This verdant mountain is an ancient place of pilgrimage, both for pious Buddhists, and for seemingly millions of Chinese tourists. But as soon as you take a hard route away from the temples near the road, it becomes quiet and calm, you can watch the dragon flies, and be at peace.

We walked up the long route, but only went half way up. Even so it was very steep, so for some sections Rosemary got herself carried (photo). This was following her mother – who went up the mountain carried by 7 men! “3 to carry me – 2 Gracie and 2 baggage”

We stayed the night on the mountain in a Buddhist temple, in a surprisingly luxurious room. I’d hope for something a bit more down with the monks (I’d accidentally been to a service with some at the monastry in the town at the bottom of the mountain the night before), but Rosemary needed as much luxury as we could find. It was peaceful wondering round the glen in the twilight, with lakes and bridges. I went up onto the roof garden, watched and briefly played cards with a monk and some of the lay workers.

On the way back down (via foot, cable car and bus) in the morning we saw two donkeys struggling their way up the steps from the valley below. They were both loaded with panniers containing fine rocks for building. Panting all the time, they would sometimes stumble. Their two minders had spades, which I saw one beat his donkey with when it had fallen down once too often.

That afternoon we went to see the largest Buddha in the world as Leshan, carved in a rockface by the river. I climbed down the steps to his feet, and looked up in awe (photo). The Chinese tourists hardly looked, as ever busy snapping souvenir photos of themselves in front of him. I put my camera away. I thought about impermanence. He looked down at me and told me that life is change, and that I would never see him again. In the end, that’s the way it is with everything in this fragile world.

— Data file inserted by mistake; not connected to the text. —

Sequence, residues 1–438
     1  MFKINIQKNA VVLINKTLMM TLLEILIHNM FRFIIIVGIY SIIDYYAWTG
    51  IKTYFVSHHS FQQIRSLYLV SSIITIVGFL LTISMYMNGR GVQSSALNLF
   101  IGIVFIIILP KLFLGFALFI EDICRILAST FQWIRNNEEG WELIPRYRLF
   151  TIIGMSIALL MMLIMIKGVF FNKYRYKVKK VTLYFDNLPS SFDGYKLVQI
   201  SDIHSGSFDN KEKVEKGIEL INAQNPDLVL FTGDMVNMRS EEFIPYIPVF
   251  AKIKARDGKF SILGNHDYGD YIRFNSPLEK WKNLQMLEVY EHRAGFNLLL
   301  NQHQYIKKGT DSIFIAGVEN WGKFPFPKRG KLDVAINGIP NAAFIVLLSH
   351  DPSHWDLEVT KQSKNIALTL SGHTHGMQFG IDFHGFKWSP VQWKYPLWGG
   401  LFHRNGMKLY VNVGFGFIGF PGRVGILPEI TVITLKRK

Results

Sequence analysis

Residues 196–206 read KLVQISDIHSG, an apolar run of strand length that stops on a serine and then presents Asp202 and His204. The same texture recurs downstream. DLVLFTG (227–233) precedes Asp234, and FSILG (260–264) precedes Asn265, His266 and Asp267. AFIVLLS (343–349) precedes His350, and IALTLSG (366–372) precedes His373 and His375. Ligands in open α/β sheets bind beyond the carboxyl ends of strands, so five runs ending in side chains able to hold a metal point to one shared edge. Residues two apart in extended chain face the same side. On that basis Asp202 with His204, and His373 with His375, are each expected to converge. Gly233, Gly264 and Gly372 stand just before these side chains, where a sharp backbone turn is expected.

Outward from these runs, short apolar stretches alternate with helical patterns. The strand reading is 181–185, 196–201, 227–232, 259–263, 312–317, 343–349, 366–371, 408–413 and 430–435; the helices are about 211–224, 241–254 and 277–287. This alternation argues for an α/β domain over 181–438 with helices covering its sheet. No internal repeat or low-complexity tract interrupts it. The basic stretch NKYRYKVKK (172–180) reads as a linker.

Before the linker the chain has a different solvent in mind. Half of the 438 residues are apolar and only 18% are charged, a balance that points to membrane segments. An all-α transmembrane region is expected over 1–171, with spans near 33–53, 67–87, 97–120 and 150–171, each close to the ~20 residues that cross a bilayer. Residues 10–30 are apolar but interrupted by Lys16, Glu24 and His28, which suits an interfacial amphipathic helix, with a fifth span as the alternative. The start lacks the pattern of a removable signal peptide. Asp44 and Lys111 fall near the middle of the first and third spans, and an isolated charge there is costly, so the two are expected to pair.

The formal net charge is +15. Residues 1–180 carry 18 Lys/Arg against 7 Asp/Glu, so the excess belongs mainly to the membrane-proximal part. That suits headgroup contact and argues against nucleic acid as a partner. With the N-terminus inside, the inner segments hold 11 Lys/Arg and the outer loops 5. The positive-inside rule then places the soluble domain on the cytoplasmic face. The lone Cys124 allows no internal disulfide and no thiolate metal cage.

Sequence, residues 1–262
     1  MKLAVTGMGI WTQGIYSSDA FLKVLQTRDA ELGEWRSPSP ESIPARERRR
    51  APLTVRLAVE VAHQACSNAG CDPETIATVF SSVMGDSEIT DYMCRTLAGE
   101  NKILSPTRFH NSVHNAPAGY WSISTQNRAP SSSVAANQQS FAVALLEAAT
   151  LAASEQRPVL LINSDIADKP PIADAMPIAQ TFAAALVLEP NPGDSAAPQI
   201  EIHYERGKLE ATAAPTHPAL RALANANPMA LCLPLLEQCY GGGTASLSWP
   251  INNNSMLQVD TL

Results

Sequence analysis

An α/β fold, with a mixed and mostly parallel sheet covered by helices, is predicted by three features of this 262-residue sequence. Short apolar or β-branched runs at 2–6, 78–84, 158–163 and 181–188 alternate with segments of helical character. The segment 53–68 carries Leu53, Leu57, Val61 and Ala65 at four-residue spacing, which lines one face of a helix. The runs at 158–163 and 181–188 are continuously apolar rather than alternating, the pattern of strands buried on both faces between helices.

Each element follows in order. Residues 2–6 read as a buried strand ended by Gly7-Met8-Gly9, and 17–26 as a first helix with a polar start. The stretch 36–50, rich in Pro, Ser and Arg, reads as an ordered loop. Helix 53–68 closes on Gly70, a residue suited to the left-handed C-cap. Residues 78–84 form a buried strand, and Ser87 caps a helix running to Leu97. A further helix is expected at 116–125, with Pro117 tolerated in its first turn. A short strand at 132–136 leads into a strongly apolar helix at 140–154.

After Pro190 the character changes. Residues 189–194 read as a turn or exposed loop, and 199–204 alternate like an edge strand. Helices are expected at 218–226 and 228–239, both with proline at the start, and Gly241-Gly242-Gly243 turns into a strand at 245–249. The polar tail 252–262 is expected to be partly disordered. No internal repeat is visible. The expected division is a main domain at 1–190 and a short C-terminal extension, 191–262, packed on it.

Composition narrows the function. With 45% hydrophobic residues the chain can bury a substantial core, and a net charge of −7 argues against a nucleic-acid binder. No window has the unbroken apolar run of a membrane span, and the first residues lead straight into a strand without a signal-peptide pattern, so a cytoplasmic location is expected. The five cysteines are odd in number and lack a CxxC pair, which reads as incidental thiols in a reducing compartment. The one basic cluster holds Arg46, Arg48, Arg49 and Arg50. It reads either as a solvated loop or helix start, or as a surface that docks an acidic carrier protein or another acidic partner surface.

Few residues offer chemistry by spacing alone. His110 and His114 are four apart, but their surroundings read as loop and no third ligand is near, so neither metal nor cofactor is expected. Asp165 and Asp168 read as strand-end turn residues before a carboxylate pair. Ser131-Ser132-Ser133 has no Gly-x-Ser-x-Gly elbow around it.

And my grandmother? She stayed five days at the top of the mountain, sleeping in a temple on their own camp beds, and eating tinned beans and pork they’d brought with them. The weather completely failed to clear, so she never saw the rarely visible fantastic view, and had to set off on the weeks of journey home.

She never mentioned the Leshan Buddha in her letters, even though her boat must have gone past it. This had puzzled my mother. But now we know. It is actually quite hard to see the Buddha from the river, you’d have to happen to look when the boat was right next to him.

Holy island

Even though I’m an atheist, it’s fun and moving to seek out pious people and watching them going about their business. A few years ago I used to do this in the UK via Cambridge Interfaith, who organised such things as a visit to the synagogue on a Friday evening, and a day trip to the Hari Krishna temple George Harrison paid for in Hertfordshire. And I saw lots of religious places with Phil in Burma (see parts of this post and all of this one).

China’s religions are in resurgence, as things continue to loosen up following the Cultural Revolution. Numerous temples have been rebuilt recently. Just before leaving Shanghai, Rosemary and I went on a two day trip to Putuoshan. It’s a Buddhist holy island, a few hours journey by bus and boat south east. We spent the first afternoon going up to the top of the mountain and exploring temples. There were pious people there, lighting incense (photo left), and praying to Guanyin, goddess of mercy. Some pilgrims were even climbing the 1200m path of steps up the hill by prostating themselves forwards on the ground. They would stand up, step forward to where their head had been, and bow forwards flat, again and again.